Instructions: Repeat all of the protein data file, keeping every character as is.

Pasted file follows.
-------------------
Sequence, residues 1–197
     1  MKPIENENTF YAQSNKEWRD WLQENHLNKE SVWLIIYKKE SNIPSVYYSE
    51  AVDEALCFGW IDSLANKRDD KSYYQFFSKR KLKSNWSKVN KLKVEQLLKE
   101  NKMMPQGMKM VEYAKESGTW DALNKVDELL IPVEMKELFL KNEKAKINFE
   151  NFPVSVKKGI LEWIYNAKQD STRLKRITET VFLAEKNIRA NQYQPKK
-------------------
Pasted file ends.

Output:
Sequence, residues 1–197
     1  MKPIENENTF YAQSNKEWRD WLQENHLNKE SVWLIIYKKE SNIPSVYYSE
    51  AVDEALCFGW IDSLANKRDD KSYYQFFSKR KLKSNWSKVN KLKVEQLLKE
   101  NKMMPQGMKM VEYAKESGTW DALNKVDELL IPVEMKELFL KNEKAKINFE
   151  NFPVSVKKGI LEWIYNAKQD STRLKRITET VFLAEKNIRA NQYQPKK